The Stewart island Southern Circuit?
Greetings People, Three of us will be walking the Stewart island Southern Circuit at the beginning of September. I have been to Doughboy Bay and Masons Bay a few times but have not done the walk in Winter/Early Spring, so a couple of questions: Could anyone offer a guess if the Rakeahua and Doughboy Huts are likely to be full of hunters in the first few days of September? Should we carry bivy bags and a fly just in case? Are there any dryish spots for camping under a fly between Rakeahua and Doughboy Huts? Any information about the walk would be much appreciated. Thanks, Alan
I don't know about when hunters are there but I would carry shelter as a matter of course in case of injury. There is a really nice and obvious campsite between Doughboy Bay and Rakeahua on the final flat section of Rakeahua R. just before you start to climb up towards Doughboy Hill. It is right by the track and is mentioned in the Rakeahua hut book I think.
Hi Honora Many thanks for this - much appreciated. Would it be possible to get an approximate date grid reference to indicate how far along the track it might be? This would help when planning the day. Thanks again Alan
The campsite grid references are round about: NZTopo50: CJ08 E1203557, N4781203 NZMS260: D49 E2113419, N5343372 It took us 3 and a half hours to walk from this campsite to Rakeahua Hut. I don't think you'd have any problems finding other places to camp along the way at most points and plenty of scope around the hut but that was a lovely campsite.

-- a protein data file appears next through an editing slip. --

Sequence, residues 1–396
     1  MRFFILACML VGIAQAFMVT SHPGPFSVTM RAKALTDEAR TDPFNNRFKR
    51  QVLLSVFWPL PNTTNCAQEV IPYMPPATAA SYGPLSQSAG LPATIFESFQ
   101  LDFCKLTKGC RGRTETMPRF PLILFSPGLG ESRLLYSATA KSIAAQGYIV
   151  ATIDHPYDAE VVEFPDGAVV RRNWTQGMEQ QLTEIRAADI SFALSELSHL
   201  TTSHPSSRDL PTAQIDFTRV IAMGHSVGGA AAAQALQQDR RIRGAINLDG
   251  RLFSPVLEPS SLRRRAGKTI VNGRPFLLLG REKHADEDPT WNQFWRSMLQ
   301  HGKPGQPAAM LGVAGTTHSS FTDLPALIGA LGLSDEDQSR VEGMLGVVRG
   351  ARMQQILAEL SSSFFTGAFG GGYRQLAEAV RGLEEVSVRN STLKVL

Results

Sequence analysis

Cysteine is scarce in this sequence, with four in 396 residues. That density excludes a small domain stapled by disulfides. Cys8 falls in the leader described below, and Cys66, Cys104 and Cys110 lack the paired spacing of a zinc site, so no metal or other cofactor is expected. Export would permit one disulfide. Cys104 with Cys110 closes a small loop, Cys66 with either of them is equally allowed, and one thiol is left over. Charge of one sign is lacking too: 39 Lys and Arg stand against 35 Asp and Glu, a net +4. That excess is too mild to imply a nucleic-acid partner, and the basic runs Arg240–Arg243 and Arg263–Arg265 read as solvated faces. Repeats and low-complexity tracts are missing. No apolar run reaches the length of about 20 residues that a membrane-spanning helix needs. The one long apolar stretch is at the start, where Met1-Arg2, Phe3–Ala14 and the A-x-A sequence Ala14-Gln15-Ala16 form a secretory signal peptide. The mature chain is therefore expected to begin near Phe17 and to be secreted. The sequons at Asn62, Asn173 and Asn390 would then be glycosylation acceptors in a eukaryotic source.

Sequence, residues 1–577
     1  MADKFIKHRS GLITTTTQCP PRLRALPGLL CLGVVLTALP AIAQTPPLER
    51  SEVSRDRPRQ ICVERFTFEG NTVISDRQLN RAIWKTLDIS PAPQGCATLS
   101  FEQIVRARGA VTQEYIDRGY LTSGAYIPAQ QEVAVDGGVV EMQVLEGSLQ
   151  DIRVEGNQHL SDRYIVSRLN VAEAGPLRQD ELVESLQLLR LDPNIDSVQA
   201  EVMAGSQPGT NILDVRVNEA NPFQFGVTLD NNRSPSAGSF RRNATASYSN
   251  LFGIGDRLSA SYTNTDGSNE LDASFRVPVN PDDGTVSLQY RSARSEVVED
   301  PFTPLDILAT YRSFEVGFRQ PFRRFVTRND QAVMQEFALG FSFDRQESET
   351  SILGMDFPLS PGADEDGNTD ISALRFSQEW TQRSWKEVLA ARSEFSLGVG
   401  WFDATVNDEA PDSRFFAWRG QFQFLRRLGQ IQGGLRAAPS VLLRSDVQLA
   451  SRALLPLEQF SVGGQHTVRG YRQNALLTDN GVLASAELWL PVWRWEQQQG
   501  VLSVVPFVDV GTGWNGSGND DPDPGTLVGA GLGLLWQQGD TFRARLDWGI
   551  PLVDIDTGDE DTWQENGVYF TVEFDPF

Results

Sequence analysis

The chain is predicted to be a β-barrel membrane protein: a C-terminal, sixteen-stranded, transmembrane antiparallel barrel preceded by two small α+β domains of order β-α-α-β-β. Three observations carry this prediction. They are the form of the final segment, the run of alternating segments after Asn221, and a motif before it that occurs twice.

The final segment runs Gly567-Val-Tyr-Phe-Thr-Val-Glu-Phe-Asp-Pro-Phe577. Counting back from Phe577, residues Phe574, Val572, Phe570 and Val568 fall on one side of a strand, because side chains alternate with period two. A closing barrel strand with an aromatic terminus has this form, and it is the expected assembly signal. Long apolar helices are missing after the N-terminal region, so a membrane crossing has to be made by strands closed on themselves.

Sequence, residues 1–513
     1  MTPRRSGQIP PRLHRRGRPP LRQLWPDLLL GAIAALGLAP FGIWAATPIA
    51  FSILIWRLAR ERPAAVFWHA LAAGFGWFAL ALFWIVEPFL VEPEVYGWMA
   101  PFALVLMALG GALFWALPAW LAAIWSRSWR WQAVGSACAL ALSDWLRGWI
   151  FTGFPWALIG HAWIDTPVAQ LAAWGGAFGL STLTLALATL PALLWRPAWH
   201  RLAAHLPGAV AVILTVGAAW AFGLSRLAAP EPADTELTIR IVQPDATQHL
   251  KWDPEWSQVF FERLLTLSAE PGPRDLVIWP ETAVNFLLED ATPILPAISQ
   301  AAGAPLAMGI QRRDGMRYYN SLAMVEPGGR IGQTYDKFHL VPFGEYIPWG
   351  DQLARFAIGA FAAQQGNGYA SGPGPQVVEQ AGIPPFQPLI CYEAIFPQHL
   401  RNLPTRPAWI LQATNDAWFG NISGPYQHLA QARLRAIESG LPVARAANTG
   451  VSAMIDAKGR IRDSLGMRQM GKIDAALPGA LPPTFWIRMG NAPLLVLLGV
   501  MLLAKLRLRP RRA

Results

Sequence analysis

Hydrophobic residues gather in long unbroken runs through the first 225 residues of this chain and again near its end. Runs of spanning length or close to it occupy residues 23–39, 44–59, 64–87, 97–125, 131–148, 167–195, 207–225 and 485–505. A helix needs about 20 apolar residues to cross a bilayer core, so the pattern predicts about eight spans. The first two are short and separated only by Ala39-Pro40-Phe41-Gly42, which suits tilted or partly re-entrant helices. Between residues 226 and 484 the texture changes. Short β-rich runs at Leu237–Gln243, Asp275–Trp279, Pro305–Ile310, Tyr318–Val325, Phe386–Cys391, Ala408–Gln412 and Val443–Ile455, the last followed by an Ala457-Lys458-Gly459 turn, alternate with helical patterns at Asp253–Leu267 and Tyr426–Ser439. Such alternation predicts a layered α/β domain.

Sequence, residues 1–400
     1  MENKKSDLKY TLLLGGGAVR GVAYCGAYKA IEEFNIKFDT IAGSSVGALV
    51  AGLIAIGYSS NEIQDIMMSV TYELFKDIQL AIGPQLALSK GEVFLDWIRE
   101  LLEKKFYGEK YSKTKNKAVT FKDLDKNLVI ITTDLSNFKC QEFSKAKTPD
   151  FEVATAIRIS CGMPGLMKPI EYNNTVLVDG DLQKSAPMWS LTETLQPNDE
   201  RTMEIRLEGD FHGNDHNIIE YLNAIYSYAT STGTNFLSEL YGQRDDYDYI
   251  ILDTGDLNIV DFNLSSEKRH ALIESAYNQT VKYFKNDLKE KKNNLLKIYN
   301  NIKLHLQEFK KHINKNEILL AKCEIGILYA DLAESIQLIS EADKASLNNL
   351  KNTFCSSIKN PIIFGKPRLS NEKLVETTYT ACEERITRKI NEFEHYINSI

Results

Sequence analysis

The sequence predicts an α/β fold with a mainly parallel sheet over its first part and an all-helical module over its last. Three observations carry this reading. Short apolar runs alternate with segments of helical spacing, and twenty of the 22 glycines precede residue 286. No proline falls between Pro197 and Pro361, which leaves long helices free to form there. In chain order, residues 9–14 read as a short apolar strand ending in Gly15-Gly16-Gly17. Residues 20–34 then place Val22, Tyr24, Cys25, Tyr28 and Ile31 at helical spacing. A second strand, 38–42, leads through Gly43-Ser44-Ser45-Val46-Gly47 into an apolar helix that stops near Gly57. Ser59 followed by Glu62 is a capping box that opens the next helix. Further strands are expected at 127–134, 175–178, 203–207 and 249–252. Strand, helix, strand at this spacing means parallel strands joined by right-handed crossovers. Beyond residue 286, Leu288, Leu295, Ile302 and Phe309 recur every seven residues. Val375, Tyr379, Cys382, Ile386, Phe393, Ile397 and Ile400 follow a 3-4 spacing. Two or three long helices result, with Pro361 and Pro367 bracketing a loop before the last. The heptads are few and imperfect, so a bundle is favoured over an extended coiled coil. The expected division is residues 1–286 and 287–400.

Thanks very much Honora, Alan
In October 2013 my niece and I walked the Southern Circuit. Thought we were at the end of the world looking down on Doughboy Bay. We weren't. A group of 4 hunters had flown in and taken over the hut for a week, flying in everything plus the kitchen sink. I think it's common on Stewart Island for a few groups to fly into a DOC hut and overstay. I've edited my post to remove the vitriol. In this instance, we ran into a group of inconsiderate, immature people who had overtaken a hut and were not welcoming to other hut visitors. In addition to me and my niece, another party of 3 were at the hut; it was chocka. I, too, have encountered many more good people than bad in the bush, be they hunters, trampers, or cyclists. However, a bad egg can stay with you awhile.
Hi Gregor, Thanks for the comments. I was with group of 5 others doing field work coring trees at Doughboy Bay and had just the opposite experience. The hut was full with a group of hunters and fishermen but they were very welcoming and shared fresh fish with us when it was available. We camped outside and used the verandah to cook in but we all got along very well. But thanks for the warning anyway! Cheers, Alan
My understanding is that groups of hunters are only allowed to stay at the hut for 3 days in a row and must otherwise camp when others are there and want the bunks. Because of this rule, the hunters are generally keen to stay on good terms with the trampers and are proud to share their bounty. We stayed at the old Doughboy Bay bivvy which was chocka but marram grass researchers there allowed us to sleep in the beds for the 2 nights we were there while they slept in their tents which were set up nearby. Very nice when we arrived at dusk during a storm in May.
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